THE SECRET LIFE OF WALTER MITTY

Meow. It’s been a long time.

1625454_10201731630993298_125276479_nHowever, I feel that when there is snow outside, it is absolutely imperative that I do NOTHING. I have to preserve my precious body heat. I’m a cat, not a snow leopard!

Speaking of snow leopards.

While in the great state of Idaho with my humans, we visited the zoo. It sounds like a great plan until you realize that January in Idaho means SNOW. And COLD. Most animals in zoos don’t like that.

Except the snow leopards.

Two baby snow leopards and their dad snow leopard were out in FULL FORCE. The baby snow leopards were running, playing, punching, chewing, and thoroughly irritating their dad snow leopard. It was glorious. I told my humans that I thought I might be part snow leopard and that they should permit me to join this herd. They told me that I was the size of these snow leopard’s paws. I stood down.

BABY SNOW LEOPARD

BABY SNOW LEOPARD

Speaking of snow leopards, my humans and I just saw The Secret Life of Walter Mitty. Why is this related? Well, to not give too much away, there is a scene that has a snow leopard.

I must admit that the trailers for Walter Mitty got me all aflutter. I love cool music when it plays alongside hyper-realistic and creative running and jumping. Yet a whole movie can’t just be that, and this one isn’t, which is almost too bad.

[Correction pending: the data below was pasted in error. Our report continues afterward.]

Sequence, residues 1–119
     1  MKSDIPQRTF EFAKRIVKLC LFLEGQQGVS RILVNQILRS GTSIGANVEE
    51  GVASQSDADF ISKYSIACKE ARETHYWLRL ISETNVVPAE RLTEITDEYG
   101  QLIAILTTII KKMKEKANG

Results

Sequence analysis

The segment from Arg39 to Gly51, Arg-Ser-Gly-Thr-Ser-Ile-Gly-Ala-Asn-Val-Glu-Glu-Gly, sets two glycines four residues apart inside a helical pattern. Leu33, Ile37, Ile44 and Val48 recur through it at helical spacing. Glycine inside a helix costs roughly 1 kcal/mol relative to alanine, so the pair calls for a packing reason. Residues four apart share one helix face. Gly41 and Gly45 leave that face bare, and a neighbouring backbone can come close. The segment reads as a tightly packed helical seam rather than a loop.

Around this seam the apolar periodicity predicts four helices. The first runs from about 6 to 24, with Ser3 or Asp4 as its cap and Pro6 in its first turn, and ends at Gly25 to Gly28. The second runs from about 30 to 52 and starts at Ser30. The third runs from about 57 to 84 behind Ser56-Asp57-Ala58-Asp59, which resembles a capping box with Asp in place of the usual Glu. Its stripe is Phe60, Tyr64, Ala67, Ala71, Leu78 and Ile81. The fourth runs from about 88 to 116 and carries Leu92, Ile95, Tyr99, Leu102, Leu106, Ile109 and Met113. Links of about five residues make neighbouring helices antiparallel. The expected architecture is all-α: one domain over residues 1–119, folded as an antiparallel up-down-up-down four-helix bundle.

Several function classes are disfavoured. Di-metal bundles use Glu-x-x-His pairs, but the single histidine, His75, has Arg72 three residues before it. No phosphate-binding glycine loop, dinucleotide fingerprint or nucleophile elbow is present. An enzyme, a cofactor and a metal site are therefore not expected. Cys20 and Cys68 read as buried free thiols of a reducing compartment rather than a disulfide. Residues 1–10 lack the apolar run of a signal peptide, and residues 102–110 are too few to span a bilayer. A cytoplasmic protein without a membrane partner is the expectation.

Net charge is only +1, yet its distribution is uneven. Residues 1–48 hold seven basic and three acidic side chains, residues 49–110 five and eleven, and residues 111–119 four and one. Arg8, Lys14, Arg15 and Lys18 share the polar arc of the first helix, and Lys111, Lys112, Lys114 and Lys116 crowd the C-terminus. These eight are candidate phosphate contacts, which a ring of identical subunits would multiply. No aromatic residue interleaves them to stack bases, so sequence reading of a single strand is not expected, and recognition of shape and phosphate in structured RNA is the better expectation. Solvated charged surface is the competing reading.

the-secret-life-of-walter-mitty-poster1

The basic plot is this: Walter Mitty (Ben Stiller) is the photo editor for TIME magazine. As a kid, he dreamed of traveling the world, but instead has worked a bunch of boring jobs and lived a super boring life. At the start of the movie, new management, led by Ted (Adam Scott), takes over TIME and announces that it will publish its final issue before transitioning to an only-online version. The cover of that final issue will be a photograph by famous photographer Sean O’Connell (Sean Penn). Unfortunately, in the roll of negatives O’Connell sent to Walter, that photo’s negative is missing. This begins Walter’s epic journey of self-discovery and world travel, where he learns that life is crazier than daydreams!

Oh, there’s also a love story with Kristen Wiig, but it’s not that important.

The good: the music is great, there are some gorgeous vistas of Iceland, Greenland, and the Himalayas, and there are a lot of sweet moments. Unfortunately, on the whole, Walter Mitty fails to coalesce into the sweet, magical movie it wants to be. It’s neither as funny nor as romantic as it thinks it wants to be. This is disappointing. Ben Stiller is a consummate actor, though, and he’s so easy to watch and love that, on the whole, Walter Mitty is a really enjoyable way to spend two hours.

THE SECRET LIFE OF WALTER MITTYThe snow leopard is the sole cat in the film, but considering my current snow leopard obsession (I WILL JOIN MY PEOPLE), it was a highlight. Below is the PawPrint Plot. I gave it a generous score of 20 points. Not great, but SNOW LEOPARD.

Screen Shot 2014-01-29 at 12.53.08 PMStay warm out there, fellow snow leopards!

xoxo
Franny

1535006_10201668261089090_67874563_n

Happy National Cat Day! (and THE SECRET LIFE OF CATS)

In honor of National Cat Day, I’ve gone back to the core of my interests—myself. Also other cats.